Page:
# Bayesian model accuracy not improving

I’m trying to follow the tutorial found at: Making Your Neural Network Say “I Don’t Know” — Bayesian NNs using Pyro and PyTorch | by Paras Chopra | Towards Data Science

But for some reason my regression model doesn’t seem to be able to improve in accuracy. It trains but sort of stalls around the first accuracy score.

I’ve put the example code below, where in this case it’s a simple linear regression, and it should work out of the box:

``````import torch
import numpy as np
from torchvision import transforms
import random
import pyro
from pyro.distributions import Normal
from pyro.infer import SVI, Trace_ELBO

class NN(torch.nn.Module):

def __init__(self, input_size, hidden_size, output_size):
super(NN, self).__init__()
self.fc1 = torch.nn.Linear(input_size, hidden_size)
self.out = torch.nn.Linear(hidden_size, output_size)

def forward(self, x):
output = self.fc1(x)
return output

net = NN(1, 1, 1)

x = np.random.uniform(0,1,500)
random.shuffle(x)
m = 3
c = 4
y = (m*x) + c

y = y/y.max()

transform = transforms.Compose([transforms.ToTensor()])

x = torch.tensor(x,dtype=torch.float).unsqueeze(-1)
y = torch.tensor(y,dtype=torch.float)

def model(x_data, y_data):

fc1w_prior = Normal(loc=torch.zeros_like(net.fc1.weight), scale=torch.ones_like(net.fc1.weight))
fc1b_prior = Normal(loc=torch.zeros_like(net.fc1.bias), scale=torch.ones_like(net.fc1.bias))

outw_prior = Normal(loc=torch.zeros_like(net.out.weight), scale=torch.ones_like(net.out.weight))
outb_prior = Normal(loc=torch.zeros_like(net.out.bias), scale=torch.ones_like(net.out.bias))

priors = {'fc1.weight': fc1w_prior, 'fc1.bias': fc1b_prior,  'out.weight': outw_prior, 'out.bias': outb_prior}

# lift module parameters to random variables sampled from the priors
lifted_module = pyro.random_module("module", net, priors)
# sample a regressor (which also samples w and b)
lifted_reg_model = lifted_module()
scale = pyro.sample("sigma", Uniform(0., 10.))
lhat = torch.nn.LogSoftmax(lifted_reg_model(x_data))

pyro.sample("obs", pyro.distributions.Normal(lhat, scale), obs=y_data)

softplus = torch.nn.Softplus()

def guide(x_data, y_data):

# First layer weight distribution priors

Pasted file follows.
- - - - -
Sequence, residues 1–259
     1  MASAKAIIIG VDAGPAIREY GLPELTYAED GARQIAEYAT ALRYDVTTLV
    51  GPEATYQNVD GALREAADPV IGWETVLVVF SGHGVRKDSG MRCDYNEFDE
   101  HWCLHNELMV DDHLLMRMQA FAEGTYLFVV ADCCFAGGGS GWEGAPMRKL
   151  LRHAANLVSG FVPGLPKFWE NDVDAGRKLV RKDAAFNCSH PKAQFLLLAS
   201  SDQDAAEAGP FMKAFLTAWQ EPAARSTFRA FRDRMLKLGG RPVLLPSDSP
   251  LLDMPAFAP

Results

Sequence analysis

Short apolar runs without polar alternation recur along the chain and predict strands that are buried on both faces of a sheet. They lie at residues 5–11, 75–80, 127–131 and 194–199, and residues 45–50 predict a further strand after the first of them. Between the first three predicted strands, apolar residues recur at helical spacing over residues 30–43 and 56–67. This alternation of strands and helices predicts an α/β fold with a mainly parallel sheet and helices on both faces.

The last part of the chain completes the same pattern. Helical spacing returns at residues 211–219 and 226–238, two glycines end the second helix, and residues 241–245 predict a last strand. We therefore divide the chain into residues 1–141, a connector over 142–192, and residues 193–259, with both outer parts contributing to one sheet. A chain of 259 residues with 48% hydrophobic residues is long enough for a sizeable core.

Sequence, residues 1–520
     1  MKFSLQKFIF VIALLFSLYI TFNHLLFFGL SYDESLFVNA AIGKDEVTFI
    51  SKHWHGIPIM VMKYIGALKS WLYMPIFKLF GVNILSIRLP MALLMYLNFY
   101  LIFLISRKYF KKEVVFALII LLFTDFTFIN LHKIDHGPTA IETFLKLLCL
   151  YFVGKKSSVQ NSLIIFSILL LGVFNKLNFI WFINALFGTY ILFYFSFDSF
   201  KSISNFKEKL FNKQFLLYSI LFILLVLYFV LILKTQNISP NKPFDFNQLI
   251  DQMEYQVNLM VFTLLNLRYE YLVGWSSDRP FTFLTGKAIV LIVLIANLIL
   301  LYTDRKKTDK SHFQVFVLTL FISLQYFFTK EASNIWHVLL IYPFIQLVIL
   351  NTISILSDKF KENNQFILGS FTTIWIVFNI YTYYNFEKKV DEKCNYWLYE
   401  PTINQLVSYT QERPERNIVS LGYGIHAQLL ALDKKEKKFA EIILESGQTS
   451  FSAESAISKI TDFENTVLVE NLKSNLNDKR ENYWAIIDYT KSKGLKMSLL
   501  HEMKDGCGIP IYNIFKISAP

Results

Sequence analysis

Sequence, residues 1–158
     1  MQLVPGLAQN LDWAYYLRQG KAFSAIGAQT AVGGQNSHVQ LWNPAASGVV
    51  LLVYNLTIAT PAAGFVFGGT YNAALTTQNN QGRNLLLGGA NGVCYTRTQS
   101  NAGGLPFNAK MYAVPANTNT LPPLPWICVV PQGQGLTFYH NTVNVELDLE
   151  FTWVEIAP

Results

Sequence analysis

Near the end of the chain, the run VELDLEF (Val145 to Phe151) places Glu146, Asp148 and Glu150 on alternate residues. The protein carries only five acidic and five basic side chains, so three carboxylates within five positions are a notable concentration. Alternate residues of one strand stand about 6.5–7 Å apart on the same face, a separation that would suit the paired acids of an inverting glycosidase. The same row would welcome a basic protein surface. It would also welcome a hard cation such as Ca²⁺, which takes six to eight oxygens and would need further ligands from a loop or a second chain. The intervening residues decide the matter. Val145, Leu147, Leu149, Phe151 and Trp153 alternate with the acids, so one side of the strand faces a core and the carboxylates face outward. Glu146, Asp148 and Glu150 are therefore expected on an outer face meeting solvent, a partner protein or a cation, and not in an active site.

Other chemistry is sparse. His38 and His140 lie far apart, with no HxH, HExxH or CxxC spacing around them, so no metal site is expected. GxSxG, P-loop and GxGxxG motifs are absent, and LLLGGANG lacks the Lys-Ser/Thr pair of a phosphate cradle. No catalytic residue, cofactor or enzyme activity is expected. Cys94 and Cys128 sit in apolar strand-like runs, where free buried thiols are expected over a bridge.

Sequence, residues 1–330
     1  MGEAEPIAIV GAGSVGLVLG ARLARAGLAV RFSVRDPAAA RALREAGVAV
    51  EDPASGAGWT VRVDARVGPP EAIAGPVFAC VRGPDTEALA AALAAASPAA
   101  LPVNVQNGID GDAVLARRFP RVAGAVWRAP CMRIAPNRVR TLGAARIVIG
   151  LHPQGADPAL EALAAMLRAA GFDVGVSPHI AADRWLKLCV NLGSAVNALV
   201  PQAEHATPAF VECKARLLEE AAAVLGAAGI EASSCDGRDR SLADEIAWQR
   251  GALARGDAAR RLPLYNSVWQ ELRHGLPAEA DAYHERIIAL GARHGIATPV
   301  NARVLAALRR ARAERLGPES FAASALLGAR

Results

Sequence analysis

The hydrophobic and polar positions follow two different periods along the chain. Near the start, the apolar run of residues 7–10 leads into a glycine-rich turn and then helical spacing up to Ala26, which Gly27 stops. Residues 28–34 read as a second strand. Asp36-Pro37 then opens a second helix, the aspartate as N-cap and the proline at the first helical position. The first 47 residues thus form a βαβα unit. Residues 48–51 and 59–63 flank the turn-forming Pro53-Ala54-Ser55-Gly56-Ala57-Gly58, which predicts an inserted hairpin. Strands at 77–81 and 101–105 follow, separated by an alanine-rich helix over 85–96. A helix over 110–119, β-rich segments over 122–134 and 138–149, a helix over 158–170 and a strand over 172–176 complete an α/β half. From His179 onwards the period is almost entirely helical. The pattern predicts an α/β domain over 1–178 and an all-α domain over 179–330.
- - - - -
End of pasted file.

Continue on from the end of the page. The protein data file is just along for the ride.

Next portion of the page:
fc1w_mu = torch.randn_like(net.fc1.weight)
fc1w_sigma = torch.randn_like(net.fc1.weight)
fc1w_mu_param = pyro.param("fc1w_mu", fc1w_mu)
fc1w_sigma_param = softplus(pyro.param("fc1w_sigma", fc1w_sigma))
fc1w_prior = Normal(loc=fc1w_mu_param, scale=fc1w_sigma_param)
# First layer bias distribution priors
fc1b_mu = torch.randn_like(net.fc1.bias)
fc1b_sigma = torch.randn_like(net.fc1.bias)
fc1b_mu_param = pyro.param("fc1b_mu", fc1b_mu)
fc1b_sigma_param = softplus(pyro.param("fc1b_sigma", fc1b_sigma))
fc1b_prior = Normal(loc=fc1b_mu_param, scale=fc1b_sigma_param)
# Output layer weight distribution priors
outw_mu = torch.randn_like(net.out.weight)
outw_sigma = torch.randn_like(net.out.weight)
outw_mu_param = pyro.param("outw_mu", outw_mu)
outw_sigma_param = softplus(pyro.param("outw_sigma", outw_sigma))
outw_prior = Normal(loc=outw_mu_param, scale=outw_sigma_param).independent(1)
# Output layer bias distribution priors
outb_mu = torch.randn_like(net.out.bias)
outb_sigma = torch.randn_like(net.out.bias)
outb_mu_param = pyro.param("outb_mu", outb_mu)
outb_sigma_param = softplus(pyro.param("outb_sigma", outb_sigma))
outb_prior = Normal(loc=outb_mu_param, scale=outb_sigma_param)
priors = {'fc1.weight': fc1w_prior, 'fc1.bias': fc1b_prior, 'out.weight': outw_prior, 'out.bias': outb_prior}

lifted_module = pyro.random_module("module", net, priors)

return lifted_module()

svi = SVI(model, guide, optim, loss=Trace_ELBO())

num_iterations = 50
loss = 0

for j in range(num_iterations):
loss = 0
for idx, data in enumerate(x):
# calculate the loss and take a gradient step
loss += svi.step(data, y[idx])
normalizer_train = len(x)
total_epoch_loss_train = loss / normalizer_train

print("Epoch ", j, " Loss ", total_epoch_loss_train)

###############################################################################

num_samples = 10
def predict(x):
sampled_models = [guide(None, None) for _ in range(num_samples)]
yhats = [model(x).data for model in sampled_models]
mean = torch.mean(torch.stack(yhats), 0)
return mean.numpy()

print('Prediction when network is forced to predict')
correct = 0
total = 0
predictions = []
for idx, x_test in enumerate(x):
predicted = predict(x_test)
predictions.append( predict(x_test))
total += 1
correct += np.abs((predicted - y[idx].numpy()))
print("average dist: %.2f " % (correct / total))
predictions = np.hstack(predictions)
print(np.max(predictions), np.min(predictions))
``````

Any help on this matter would be greatly appreciated, thanks in advance!

to be blunt: the person who wrote that tutorial doesn’t understand variational inference and didn’t use pyro correctly. consequently i wouldn’t recommend trying to reproduce what was done there. broadly, bayesian neural networks are an active area of research and it can be challenging to get them to work, especially if one is trying to be bayesian about a large number of neural network parameters

2 Likes

Haha! Okay, I understand. With that in mind, would a bayesian NN going from 10 inputs to 5 nodes to 1 output node be something unsuited to using Pyro for?

that is a very tiny neural network so even the most naive approaches should work. pyro can certainly handle a problem of this sort. still, one needs to be careful to e.g.

• handle mini-batching correctly
• initialize the guide reasonably
• use an appropriate optimizer, learning rate, etc

i suspect you might more easily be able to get things to work if you do gradient steps on mini-batches of data instead of single datapoints